Better Believe It
by Fern Ronay
Publication date: December 3rd 2019
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Jada Marlone’s life appears to be perfect on social media. She has a loving husband, a beautiful child, and a successful career. What she doesn’t post about is the disconnect she feels in her marriage, the difficulties of motherhood, and her strained relationship with her mother. Resigned to never being truly happy, Jada runs into an ex-boyfriend. While trying to decide whether the coincidence is her second chance at happiness, Jada begins having dreams that feature her dead cousin Gina. With Gina’s help, Jada starts to uncover the real reasons behind her life decisions. As Jada tries to figure out her future, uncontrollable events threaten her resolve. Will she be able to draw from all she learned from Gina, or will she risk making the same mistakes twice?
The first time I got my heart broken, I was five years old. It happened in the kitchen.
My sister, Orly, was a toddler, still in diapers, waddling around and babbling. I was sitting at the kitchen table, perfecting my writing of the alphabet on red construction paper. Using a freshly sharpened black crayon, I swung out the curve of my u too wide when I heard the bang. Orly had bumped into the cabinet as she turned the corner from the dining room and fell back on her head.
“Wahhhh,” she wailed.
My mother whipped around, dishtowel swung over her shoulder, and bent to pick up my sister. She spoke in the syrupy voice she only used when speaking to Orly.
“What happened? Where are you hurt?”
“She bumped into the cabinet and fell,” I said as I formed the second leg of my letter v.
“Oh, my little chickpea.” My mother sang the words to Orly.
I had asked her once, “If Orly is your little chickpea, what am I?”
“I don’t know, Jada. You’re my…” She paused to light a cigarette. “You’re my kidney bean.”
“Do you like kidney beans?”
“They give me agida.” She blew smoke in the other direction, a stream flowing from her lips, which, a few hours earlier, had been lined with red lip liner and filled in with matching red lipstick. Red. Always red. “Fix your barrette. Did ya have it like that all day in school?”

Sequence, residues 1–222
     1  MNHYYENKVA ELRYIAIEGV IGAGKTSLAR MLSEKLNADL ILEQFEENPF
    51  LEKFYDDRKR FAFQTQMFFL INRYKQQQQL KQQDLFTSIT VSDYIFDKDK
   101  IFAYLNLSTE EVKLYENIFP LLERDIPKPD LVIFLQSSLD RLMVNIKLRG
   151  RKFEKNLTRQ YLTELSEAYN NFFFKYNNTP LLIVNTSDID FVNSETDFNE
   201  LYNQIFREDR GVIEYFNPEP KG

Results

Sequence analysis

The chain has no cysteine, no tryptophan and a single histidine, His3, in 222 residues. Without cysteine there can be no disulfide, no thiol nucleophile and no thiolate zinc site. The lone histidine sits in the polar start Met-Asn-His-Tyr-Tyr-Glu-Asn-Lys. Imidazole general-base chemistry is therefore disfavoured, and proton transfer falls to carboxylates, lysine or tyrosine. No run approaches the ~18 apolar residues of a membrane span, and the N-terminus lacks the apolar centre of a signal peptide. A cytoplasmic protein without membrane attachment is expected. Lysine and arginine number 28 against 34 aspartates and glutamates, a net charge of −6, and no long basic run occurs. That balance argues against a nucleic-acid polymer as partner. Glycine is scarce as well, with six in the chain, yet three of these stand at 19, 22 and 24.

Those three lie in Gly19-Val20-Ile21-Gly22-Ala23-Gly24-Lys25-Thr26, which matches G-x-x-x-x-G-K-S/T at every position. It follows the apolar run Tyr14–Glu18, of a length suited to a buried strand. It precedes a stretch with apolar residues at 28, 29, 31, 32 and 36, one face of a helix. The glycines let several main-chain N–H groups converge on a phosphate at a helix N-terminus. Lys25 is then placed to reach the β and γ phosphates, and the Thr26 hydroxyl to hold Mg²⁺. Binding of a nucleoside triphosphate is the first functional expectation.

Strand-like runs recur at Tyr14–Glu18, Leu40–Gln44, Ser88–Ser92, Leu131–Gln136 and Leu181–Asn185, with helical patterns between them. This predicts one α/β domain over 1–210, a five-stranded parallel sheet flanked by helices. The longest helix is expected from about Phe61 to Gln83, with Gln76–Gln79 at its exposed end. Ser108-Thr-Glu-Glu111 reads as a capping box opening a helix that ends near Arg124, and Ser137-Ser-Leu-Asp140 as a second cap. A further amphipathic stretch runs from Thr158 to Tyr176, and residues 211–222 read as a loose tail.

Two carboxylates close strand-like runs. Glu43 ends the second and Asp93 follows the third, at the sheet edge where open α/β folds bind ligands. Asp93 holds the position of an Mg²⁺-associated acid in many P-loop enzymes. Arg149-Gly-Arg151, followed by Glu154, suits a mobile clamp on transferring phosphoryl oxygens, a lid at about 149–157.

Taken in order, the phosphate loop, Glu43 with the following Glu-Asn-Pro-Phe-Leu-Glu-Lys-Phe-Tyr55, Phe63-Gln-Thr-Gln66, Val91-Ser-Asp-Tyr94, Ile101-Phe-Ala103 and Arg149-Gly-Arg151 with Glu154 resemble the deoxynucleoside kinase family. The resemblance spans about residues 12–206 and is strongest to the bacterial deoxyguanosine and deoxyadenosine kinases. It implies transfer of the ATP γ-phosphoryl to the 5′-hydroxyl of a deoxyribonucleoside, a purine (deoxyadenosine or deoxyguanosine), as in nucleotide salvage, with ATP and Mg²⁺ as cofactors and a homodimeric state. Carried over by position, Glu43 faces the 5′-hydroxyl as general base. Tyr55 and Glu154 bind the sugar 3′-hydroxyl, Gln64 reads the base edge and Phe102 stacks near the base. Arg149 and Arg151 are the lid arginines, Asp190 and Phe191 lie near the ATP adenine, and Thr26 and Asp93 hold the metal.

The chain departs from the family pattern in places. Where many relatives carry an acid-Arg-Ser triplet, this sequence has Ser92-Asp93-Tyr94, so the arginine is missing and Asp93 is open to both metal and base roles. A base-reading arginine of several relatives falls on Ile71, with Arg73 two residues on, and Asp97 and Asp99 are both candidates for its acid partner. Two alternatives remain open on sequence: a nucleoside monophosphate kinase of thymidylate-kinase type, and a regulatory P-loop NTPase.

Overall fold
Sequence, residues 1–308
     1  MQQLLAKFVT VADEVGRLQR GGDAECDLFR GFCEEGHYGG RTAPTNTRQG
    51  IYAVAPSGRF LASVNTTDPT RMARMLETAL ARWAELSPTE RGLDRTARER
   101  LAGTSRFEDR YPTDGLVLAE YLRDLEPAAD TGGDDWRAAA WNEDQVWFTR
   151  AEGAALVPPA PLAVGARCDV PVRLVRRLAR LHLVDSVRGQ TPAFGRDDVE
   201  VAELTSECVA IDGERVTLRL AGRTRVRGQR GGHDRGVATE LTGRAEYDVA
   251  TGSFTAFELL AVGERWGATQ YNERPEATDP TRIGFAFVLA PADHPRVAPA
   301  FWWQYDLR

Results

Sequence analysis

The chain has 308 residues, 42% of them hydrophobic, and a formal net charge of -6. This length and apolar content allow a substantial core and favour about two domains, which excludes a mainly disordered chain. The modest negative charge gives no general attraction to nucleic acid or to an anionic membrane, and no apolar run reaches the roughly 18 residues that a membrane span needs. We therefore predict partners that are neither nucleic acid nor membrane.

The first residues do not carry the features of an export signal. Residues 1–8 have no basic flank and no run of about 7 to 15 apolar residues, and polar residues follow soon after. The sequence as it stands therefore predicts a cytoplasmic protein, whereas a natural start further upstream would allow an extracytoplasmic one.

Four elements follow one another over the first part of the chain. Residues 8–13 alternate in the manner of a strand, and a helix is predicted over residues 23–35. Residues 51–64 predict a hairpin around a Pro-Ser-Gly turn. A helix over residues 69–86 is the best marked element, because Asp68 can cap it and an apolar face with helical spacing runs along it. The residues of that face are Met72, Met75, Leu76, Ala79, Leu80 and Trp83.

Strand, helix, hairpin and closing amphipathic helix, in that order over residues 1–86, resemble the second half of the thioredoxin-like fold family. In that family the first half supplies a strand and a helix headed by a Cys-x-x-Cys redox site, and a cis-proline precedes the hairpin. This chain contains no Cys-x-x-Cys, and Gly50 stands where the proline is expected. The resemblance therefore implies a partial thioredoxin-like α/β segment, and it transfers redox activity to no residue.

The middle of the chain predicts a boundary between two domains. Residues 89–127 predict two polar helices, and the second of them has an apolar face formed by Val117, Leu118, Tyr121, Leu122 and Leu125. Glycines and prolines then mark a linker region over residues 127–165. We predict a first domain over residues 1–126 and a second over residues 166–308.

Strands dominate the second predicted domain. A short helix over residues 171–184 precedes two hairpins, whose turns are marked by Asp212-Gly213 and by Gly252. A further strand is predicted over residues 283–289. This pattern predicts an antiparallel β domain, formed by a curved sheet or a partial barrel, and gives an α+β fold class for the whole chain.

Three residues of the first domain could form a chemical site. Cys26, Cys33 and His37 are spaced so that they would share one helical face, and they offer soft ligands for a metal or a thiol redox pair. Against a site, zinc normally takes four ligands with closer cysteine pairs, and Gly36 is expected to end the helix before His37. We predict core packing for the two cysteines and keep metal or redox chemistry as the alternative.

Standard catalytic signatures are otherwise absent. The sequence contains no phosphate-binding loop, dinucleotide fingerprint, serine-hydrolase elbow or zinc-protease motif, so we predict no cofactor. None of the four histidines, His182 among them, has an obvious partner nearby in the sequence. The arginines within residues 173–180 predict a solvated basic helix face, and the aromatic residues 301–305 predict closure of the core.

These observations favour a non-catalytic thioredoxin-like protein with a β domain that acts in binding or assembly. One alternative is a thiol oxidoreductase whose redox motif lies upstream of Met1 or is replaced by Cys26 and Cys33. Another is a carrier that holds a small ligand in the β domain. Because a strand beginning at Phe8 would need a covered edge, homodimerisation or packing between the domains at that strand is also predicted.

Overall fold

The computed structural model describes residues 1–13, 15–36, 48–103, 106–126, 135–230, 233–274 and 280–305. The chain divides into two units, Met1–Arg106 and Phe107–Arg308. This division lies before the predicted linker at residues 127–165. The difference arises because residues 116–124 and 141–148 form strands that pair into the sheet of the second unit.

Ya have to know how to fix your own barrette.” She had pointed at the side of my
head. “Get those side hairs. Over here. The side ones. Do ya want to look like a ragamuffin?”
Now, as I continued alphabet writing at the kitchen table, my mother rocked her
Is she singing? I stopped mid w. What is this song? I like it. She never sang it to me
before. She’s not a singing mom. She doesn’t sing.
“Hush, little baby.” She swayed back and forth by the kitchen window.
I would like a mockingbird and a diamond ring.
She stopped once Orly was calm and distracted by the paper towel roll in her hands.
I finished the alphabet and held up my construction paper.
“I did it! And on red paper, your favorite color.”
I brought it over to my mother so she could get a better look.
“Nice,” she said as she stretched her neck past Orly’s resting head and Orly’s left hand, which bopped me on the head with the paper towel roll.
“Hold on.” I walked around to the other side, so she didn’t have to strain her head.
“I see, Jada. Very good.”
I made her hold it.
“Uh-huh, good. Is that supposed to be an H? It curves in. Looks like a capital A.”
She was right. It wasn’t perfect. What was I thinking? That H does look like an A. That H is horrible. That H is disgusting. I ripped it up.
“What did ya do that for?” my mother screamed. “Pick those pieces up. Why would ya do that?”
“It wasn’t perfect,” I hollered back, flipping through the construction paper for a fresh, new sheet. “Hold on.”
I started over, and by the time I finished and checked every letter, I was confident in my redo. I held it up to double-check. Yup, perfect.
By then, Orly was napping and my mother was smoking a cigarette on the porch.
I carried the new masterpiece with my fingertips toward the porch. “Look now.”
She blew smoke out the enclosed porch’s window as she reviewed my letters.
“Why don’t you ever sing to me?”
“Huh? Oh, Jada, for Christ’s sake.” She took a long drag while I waited for an answer.
“Because you’re the big sister. That’s why. Go clear the crayons off the kitchen table. We’re going to have dinner soon.”
“I like songs. I liked that song a lot.” I swayed from one foot to another, willing her to sing to me now.
“Jada, please! Go clear the table before your father gets home.”
I threw the crayons in the box instead of placing them neatly in rainbow order like I normally did. Little sisters are smaller and cuter and get sung to. I snapped the plastic container shut. But I go to school. Yeah, I’m smarter than a stupid, little baby. I carried the construction paper and crayons up to my room and slammed the door behind me. I hate being a big sister.
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Fern Ronay has lived in NYC, Chicago, and now sunny Los Angeles with her husband, but she will always consider herself a Jersey girl. She is the author of two novels, Better in the Morning and Better Believe It, and is the host of the podcast Signs from the Other Side, as well as a host at the AfterBuzzTV network. Follow Fern on Instagram @FernRonay and check out her free ebook at FernRonay.com. Author links: https://fernronay.com/ https://www.instagram.com/fernronay/ https://www.goodreads.com/author/show/5263737.Fern_Ronay https://www.facebook.com/FernRonay/ https://twitter.com/FernRonay